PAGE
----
I came across this article in the New York Times: "The 3,000-Mile Oil Change Is Pretty Much History."
I am not very good at changing oil. In fact I never do it. I know why. It all began a long, long time ago......
When I passed my test I was given a car, a 1952 Ford Anglia. A fun car if ever there was one. It had a unique safety feature: if it was raining you couldn't travel more than 15 mph. Its windscreen wipers were air/vacuum operated and for some reason the faster you went the slower they wiped. If you wanted to see where you were going you had to drive slowly.
The heater was simplicity itself. There was a vent directly behind the engine. Open it and hot air gushed in. It was rather crude: in the winter you either froze or baked.
To the oil. The car ate oil. I had no idea why. Put in a couple of pints and within a week or so it would be gone. I'd lift up the bonnet, pull out the dip stick and there would be a slight smudge where a bucket load should be. I'm afraid this freaked me out to such an extent that I grew frightened to check the stuff and stopped.
The consequence of my neglect happened on a journey to Manchester. Hammering along the road, smoke was pouring out of the exhaust and, because nothing fitted, into the cockpit. Extremely invigorating having to have the window open all weathers.
And then a clunk, crunch and whining sound as the car ground to a halt. We'd left a trail of car innards for a hundred yards. The big ends had seized up, and then fractured sending the piston head slamming into the top of the car's cylinder block before rapidly reversing and punching its way through the car's oil sump. A phone call to Stoke, to Malcolm's dad, a breakdown vehicle and we finished our journey in the Potteries. I left what remained of the car there.
To this day I cannot recall how I explained the car's loss to my parents.
You would have thought that that would have taught me a lesson. No, I blissfully ignored checking the oil. And I put my trust in the blinking oil light on the instrument panel - if it went off soon after the car started that was OK by me.
I have only once opened the bonnet to our car and shut it immediately. I might as well have been looking at the innards of the impulse drive of the Starship "Enterprise". There was nothing that looked remotely like an engine. The whole thing was hermetically sealed and you needed one of Dr Who's sonic screwdrivers to open it up.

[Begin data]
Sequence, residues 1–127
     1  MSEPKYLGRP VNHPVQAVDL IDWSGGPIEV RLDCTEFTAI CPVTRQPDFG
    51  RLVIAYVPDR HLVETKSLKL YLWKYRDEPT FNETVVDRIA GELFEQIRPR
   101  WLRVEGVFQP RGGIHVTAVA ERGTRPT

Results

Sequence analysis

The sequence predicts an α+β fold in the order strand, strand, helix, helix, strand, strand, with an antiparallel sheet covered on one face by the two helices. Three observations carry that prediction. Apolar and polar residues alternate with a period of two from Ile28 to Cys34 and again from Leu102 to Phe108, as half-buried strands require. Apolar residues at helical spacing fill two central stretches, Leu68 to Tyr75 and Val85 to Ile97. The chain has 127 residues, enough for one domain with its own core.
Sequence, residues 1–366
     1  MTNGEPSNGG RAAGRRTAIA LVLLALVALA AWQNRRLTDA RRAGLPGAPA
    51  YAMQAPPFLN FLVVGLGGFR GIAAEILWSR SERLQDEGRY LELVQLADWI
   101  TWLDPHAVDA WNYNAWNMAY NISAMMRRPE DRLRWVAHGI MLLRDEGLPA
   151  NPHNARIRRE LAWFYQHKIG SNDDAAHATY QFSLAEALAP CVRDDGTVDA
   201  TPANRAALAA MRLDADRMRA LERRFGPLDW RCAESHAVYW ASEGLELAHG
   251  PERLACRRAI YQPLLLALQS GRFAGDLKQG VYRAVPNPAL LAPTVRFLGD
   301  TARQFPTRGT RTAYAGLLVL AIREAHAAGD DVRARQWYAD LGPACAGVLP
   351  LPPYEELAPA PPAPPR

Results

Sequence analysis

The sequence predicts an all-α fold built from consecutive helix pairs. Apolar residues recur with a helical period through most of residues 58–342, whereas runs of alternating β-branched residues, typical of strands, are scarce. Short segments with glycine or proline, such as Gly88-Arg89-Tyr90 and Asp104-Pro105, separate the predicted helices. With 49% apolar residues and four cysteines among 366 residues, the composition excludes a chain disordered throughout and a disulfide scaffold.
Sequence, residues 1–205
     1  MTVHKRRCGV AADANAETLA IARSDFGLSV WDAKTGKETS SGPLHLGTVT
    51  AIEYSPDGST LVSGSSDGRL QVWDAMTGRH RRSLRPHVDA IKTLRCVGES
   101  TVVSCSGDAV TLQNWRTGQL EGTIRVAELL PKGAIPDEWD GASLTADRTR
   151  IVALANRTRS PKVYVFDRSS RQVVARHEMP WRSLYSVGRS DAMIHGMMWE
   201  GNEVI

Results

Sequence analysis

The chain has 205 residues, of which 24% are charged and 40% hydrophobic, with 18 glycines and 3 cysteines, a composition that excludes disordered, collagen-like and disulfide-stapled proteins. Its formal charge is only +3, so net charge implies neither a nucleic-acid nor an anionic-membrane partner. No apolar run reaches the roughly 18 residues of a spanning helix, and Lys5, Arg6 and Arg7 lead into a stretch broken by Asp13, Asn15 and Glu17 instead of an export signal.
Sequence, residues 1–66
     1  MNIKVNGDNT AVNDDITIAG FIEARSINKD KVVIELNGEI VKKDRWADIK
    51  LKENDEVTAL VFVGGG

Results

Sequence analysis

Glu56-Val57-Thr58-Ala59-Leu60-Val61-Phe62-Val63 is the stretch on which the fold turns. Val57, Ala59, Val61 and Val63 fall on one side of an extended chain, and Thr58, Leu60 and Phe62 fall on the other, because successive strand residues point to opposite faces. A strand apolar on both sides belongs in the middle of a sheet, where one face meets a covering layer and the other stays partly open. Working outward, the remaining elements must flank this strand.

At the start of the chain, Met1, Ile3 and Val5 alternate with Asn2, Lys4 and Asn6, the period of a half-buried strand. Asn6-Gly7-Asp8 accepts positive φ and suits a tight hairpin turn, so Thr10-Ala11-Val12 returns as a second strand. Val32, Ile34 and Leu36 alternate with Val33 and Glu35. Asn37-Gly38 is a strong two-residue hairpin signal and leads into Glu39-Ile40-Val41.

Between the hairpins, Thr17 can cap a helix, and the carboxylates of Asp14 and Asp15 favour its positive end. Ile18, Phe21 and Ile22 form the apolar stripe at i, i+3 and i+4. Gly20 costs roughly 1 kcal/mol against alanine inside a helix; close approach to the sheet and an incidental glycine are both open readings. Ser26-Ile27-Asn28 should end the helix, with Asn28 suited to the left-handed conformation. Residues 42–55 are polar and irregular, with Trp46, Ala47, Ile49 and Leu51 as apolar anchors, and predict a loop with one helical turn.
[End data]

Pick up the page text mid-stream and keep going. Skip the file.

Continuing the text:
I couldn't see the battery: this I believed was a quite distinctive piece of kit sitting just down from the windscreen with a couple pieces of wire coming out of it. Nothing. If there was a dip stick, I couldn't find it: although there was something which blinked regularly. That might have been it. Where the engine should be is a piece of art work. Emblazoned across its width you find "1.7 tdci" (or is it tcdi or cidt?).
This means something to the priests of the workshop. They connect it a computer and following an exchange of bodily fluids or oil the priests read the runes and replace half the car. No point in repairing it.
Oh, I forgot to mention that my car doesn't trust me to look after it so every time I start it up it feels itself all over to check that everything is in order. If not it flashes up rude messages and refuses to release the brake (OK, that's going a bit too far).
This can be confusing. I get a message "Service due", but it was serviced 6 months ago - why another one? I forgot, the little darling's pre-programmed to be serviced when it hits 24,000 miles. However, the little love wasn't told that when I bought it it was given a full check up and service. Sorry!
Who am I to question the on board dictator? So in it goes for a service; which now means it is out of sequence with the annual safety test (MoT). So between my inability to open the bonnet and total fear of anything automobile and the on board computer; what was meant to simplify and improve my car ownership experience has turned into a scheduling nightmare.
Finally, walking out of my front door this afternoon I had the pleasure of seeing my offside rear tyre slowly deflate. Quite artistic it was. Now, what was a stunning pearl black car with privacy glass and snazzy alloys looks like a escapee from a show ground sporting as it does one of those emergency wheels. Tomorrow it's off to the tyre surgery for a radial reface. I'm so embarrassed!
Oh, I had the car washed and cleaned yesterday - stunning it looked. Wheel changing has managed to smear my mucky prints all over pristine paint work!!!